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QTc-interval abnormalities and psychotropic drug therapy in psychiatric patients

Lookup NU author(s): Dr Joseph Reilly, Emeritus Professor Nicol Ferrier, Professor Simon Thomas

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Abstract

Background: Sudden unexplained death in psychiatric patients may be due to drug-induced arrhythmia, of which lengthening of the rate-corrected QT interval (QTc) on the electrocardiogram is a predictive marker. We estimated the point prevalence of QTc lengthening in psychiatric patients and the effects of various psychotropic drugs. Methods: Electrocardiograms were obtained from 101 healthy reference individuals and 495 psychiatric patients in various inpatient and community settings and were analysed with a previously validated digitiser technique. Patients with and without QTc lengthening, QTc dispersion, and T-wave abnormality were compared by logistic regression to calculate odds ratios for predictive variables. Findings: Abnormal QTc was defined from the healthy reference group as more than 456 ms and was present in 8% (40 of 495) of patients. Age over 65 years (odds ratio 3.0 [95% CI 1.1-8.3]), use of tricyclic antidepressants (4.4 [1.6-12.1]), thioridazine (5.4 [2.0-13.7]), and droperidol (6.7 [1.8-24.8]) were robust predictors of QTc lengthening, as was antipsychotic dose thigh dose 5.3 [1.2-24.4]; very high dose 8.2 [1.5-43.6]). Abnormal QT dispersion or T-wave abnormalities were not significantly associated with antipsychotic treatment, but were associated with lithium therapy. Interpretation: Antipsychotic drugs cause QTc lengthening in a dose-related manner. Risks are substantially higher for thioridazine and droperidol. These drugs may therefore confer an increased risk of drug-induced arrhythmia.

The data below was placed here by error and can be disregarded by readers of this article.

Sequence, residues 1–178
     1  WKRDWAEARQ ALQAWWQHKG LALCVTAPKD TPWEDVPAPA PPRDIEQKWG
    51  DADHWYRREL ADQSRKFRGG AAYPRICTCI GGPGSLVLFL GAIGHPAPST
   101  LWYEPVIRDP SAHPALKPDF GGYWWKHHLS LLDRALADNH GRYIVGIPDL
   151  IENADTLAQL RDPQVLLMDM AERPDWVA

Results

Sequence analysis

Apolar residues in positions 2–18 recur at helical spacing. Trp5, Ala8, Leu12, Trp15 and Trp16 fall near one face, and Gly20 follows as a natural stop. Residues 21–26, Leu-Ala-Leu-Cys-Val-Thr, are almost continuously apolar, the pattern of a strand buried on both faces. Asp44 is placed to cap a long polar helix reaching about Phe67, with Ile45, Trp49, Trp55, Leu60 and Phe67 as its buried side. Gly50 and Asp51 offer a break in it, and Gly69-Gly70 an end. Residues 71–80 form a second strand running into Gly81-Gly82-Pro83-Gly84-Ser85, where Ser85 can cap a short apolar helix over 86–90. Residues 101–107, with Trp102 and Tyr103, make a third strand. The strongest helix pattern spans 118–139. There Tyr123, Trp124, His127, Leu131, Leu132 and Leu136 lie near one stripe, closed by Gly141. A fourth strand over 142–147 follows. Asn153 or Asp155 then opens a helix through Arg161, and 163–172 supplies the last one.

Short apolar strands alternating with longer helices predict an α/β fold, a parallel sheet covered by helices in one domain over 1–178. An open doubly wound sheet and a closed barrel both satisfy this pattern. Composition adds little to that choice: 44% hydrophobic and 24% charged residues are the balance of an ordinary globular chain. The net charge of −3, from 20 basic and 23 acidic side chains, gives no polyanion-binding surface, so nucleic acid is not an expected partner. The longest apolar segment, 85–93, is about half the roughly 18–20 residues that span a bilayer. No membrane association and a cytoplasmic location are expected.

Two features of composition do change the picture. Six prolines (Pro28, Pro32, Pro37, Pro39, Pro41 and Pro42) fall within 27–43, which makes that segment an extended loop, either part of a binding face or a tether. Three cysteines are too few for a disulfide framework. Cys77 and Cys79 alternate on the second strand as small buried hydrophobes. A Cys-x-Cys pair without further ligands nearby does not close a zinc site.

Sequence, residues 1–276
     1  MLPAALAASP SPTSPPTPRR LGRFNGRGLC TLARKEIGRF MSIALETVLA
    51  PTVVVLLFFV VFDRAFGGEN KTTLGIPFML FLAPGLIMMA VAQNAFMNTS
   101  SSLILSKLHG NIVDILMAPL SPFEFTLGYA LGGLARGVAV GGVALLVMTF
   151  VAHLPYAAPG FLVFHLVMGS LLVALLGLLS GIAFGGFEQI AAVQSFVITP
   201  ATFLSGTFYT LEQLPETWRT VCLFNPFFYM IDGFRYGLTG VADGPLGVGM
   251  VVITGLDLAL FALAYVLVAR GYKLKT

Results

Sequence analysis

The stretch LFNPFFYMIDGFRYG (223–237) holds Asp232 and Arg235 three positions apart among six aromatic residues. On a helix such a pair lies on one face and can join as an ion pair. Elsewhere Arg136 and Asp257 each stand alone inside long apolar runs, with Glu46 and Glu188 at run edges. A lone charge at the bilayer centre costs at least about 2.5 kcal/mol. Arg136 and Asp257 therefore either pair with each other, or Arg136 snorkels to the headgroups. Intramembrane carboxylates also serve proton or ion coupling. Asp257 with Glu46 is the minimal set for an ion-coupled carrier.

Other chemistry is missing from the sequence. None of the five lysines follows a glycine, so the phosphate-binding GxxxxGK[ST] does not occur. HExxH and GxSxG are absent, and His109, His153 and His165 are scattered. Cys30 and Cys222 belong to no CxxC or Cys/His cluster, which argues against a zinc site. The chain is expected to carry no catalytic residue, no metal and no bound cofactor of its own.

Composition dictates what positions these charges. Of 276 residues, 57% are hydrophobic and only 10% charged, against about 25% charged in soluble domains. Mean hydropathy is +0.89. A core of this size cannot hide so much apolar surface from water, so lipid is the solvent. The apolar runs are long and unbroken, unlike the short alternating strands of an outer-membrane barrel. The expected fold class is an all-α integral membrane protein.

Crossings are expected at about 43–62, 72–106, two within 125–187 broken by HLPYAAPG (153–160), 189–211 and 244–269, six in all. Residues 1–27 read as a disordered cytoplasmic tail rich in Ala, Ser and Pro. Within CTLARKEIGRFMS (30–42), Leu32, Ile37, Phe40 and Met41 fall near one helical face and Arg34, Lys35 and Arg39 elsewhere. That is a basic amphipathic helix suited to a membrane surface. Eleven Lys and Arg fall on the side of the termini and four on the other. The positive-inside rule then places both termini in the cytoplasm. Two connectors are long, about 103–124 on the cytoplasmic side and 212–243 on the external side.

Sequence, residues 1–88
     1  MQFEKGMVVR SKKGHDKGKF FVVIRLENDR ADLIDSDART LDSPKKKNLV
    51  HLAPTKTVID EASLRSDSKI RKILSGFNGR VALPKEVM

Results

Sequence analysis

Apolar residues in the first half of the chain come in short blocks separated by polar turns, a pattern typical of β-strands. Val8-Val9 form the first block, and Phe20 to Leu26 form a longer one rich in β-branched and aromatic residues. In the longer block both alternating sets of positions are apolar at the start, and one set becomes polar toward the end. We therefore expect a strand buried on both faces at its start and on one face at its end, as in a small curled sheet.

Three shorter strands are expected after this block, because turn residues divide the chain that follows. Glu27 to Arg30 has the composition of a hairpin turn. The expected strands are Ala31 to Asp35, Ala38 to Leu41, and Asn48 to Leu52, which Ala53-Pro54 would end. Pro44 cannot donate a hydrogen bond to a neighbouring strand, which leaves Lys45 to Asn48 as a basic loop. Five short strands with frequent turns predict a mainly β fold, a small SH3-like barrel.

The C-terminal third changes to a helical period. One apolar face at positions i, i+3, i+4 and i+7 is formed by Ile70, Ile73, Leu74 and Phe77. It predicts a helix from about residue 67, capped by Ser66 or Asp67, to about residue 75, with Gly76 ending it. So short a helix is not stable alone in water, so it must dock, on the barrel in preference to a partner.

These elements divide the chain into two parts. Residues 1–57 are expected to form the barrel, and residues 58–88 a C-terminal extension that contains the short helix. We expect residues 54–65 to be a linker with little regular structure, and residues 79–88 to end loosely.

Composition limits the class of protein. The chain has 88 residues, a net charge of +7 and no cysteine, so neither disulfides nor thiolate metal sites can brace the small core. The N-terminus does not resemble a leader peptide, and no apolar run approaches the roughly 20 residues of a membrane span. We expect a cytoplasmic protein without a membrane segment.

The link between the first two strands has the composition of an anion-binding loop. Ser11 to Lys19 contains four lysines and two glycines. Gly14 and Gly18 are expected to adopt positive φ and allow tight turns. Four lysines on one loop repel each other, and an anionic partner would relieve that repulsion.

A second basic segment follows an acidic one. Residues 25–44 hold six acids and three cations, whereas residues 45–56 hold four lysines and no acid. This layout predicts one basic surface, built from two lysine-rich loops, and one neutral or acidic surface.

Publication metadata

Author(s): Thomas SHL; Ferrier IN; Reilly JG; Ayis SA; Jones SJ

Publication type: Article

Publication status: Published

Journal: Lancet

Year: 2000

Volume: 355

Issue: 9209

Pages: 1048-1052

ISSN (print): 0140-6736

ISSN (electronic): 1474-547X

Publisher: The Lancet Publishing Group

URL: http://dx.doi.org/10.1016/S0140-6736(00)02035-3

DOI: 10.1016/S0140-6736(00)02035-3

PubMed id: 10744090


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